Crime Victims’ Protection Under the Free Speech Law in Japan

Jianhong Liu,‎ Setsuo Miyazawa ed., Crime and Justice in Contemporary Japan, 2018, (Springer Series on Asian Criminology and Criminal Justice Research); ISBN 978-3-319-69359-0

Posted: 16 Jan 2018

See all articles by Yuichiro Tsuji

Yuichiro Tsuji

Meiji University School of Law; University of Tsukuba; Waseda University - School of Social Science

Date Written: June 10, 2018

Abstract

First, this paper argues that the amount of damage by defamation or privacy infringement in Japan is so small that the publisher might get an article published even in the face of potential litigation. In 1997, a 14-year-old junior high school student killed his friend, 11 years old. He cut his head and put it in the front gate of the junior high school. Before being arrested, he had sent several letters to newspapers to make his killing a display. He was convicted at the juvenile court. Article 61 of the Juvenile Act prohibits the minor defendant’s name from being published in a newspaper or magazine, but no civil or criminal sanction. There is also no sanction for publication of the victim’s name in the Juvenile Act. In Japan, the name of the victim is published, but not for minor defendants protected under the Juvenile Act. After getting out of the medical reformatory in 2007, he published his book in 2015 describing the history of this case and life after medical reform school. The father of the victim was strongly against the publication, but failed. There is no way to learn where the author lives now. There is no provision in the Juvenile Act that could transfer benefit of publication to the victim’s family. Some people argue that this provision doesn’t match well for Internet publication. New legislation might be needed for victims damaged by the publication of the book or article describing the crime.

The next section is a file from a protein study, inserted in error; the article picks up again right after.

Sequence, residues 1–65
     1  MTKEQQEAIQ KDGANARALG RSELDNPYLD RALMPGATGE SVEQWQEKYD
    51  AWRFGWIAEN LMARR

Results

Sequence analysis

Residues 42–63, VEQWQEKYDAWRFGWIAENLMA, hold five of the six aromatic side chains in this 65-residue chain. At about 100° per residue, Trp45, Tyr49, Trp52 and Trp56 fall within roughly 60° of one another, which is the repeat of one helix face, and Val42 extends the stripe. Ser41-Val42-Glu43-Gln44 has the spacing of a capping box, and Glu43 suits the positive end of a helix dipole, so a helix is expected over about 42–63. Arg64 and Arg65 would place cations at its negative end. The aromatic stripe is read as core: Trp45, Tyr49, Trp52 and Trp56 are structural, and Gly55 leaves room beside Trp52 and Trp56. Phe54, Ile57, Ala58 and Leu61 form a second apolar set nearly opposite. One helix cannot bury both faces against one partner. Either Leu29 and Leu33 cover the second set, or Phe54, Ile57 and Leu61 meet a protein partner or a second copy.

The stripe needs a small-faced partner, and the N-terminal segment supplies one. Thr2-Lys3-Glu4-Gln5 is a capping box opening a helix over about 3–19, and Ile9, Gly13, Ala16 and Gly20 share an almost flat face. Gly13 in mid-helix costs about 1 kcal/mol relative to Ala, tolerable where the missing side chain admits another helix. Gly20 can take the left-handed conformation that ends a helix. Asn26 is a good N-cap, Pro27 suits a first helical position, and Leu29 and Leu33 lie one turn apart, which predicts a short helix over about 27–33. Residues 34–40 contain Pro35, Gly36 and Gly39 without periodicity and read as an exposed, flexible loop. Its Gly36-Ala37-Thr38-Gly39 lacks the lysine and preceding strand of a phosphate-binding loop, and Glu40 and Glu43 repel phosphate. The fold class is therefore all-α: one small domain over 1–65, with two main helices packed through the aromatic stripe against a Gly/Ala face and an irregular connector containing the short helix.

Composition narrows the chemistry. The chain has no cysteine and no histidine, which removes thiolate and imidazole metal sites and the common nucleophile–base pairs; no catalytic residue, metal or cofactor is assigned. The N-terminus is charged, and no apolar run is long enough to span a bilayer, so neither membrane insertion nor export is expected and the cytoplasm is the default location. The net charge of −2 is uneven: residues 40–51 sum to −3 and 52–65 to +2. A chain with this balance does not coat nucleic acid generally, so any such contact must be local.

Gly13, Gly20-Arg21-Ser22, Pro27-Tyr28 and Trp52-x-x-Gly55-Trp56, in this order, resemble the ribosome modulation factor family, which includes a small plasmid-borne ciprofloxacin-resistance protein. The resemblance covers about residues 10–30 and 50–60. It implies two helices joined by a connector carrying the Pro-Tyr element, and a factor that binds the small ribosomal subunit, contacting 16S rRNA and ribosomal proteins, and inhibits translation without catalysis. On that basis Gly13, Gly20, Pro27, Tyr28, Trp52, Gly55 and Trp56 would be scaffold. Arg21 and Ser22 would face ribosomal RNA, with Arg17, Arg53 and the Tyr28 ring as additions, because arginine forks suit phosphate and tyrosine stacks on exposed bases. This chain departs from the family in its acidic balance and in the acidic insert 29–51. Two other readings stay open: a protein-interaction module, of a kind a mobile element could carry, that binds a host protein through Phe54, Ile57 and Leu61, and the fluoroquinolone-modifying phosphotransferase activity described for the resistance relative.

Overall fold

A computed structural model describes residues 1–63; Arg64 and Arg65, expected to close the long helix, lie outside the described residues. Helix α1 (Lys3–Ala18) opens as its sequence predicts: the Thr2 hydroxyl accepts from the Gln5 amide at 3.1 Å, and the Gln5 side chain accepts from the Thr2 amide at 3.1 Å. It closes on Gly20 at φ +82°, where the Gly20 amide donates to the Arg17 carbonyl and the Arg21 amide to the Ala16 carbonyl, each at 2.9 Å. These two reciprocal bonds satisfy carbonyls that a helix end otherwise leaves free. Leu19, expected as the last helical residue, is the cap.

Second, this paper reviews if recent cases are challenging the market of ideas. In another case in 2013, a 21-year-old truck driver killed his ex-girlfriend, 18 years old, after threatening the distribution of sexual pictures taken during the relationship. Just before being arrested, he uploaded her private pictures on websites. General free speech law remedy at court is damage, injunction, or publication of apology. In the Internet era, injunction might be more protective. Otherwise, another alternative doctrine might be needed.

Suggested Citation

Tsuji, Yuichiro, Crime Victims’ Protection Under the Free Speech Law in Japan (June 10, 2018). Jianhong Liu,‎ Setsuo Miyazawa ed., Crime and Justice in Contemporary Japan, 2018, (Springer Series on Asian Criminology and Criminal Justice Research); ISBN 978-3-319-69359-0, Available at SSRN: https://ssrn.com/abstract=2987683

Yuichiro Tsuji (Contact Author)

Meiji University School of Law ( email )

1-1 Kanda-Surugadai
Tokyo, 101-8301
Japan

HOME PAGE: http://https://researchmap.jp/tsuji?lang=en

University of Tsukuba ( email )

Tsukuba University , Ibaraki Ken
Tsukuba, Ibaraki 305-8573, Ibaraki 3050006
Japan

Waseda University - School of Social Science ( email )

1-6-1 Nishiwaseda
Shinjuku-ku, Tokyo 169-8050
Japan

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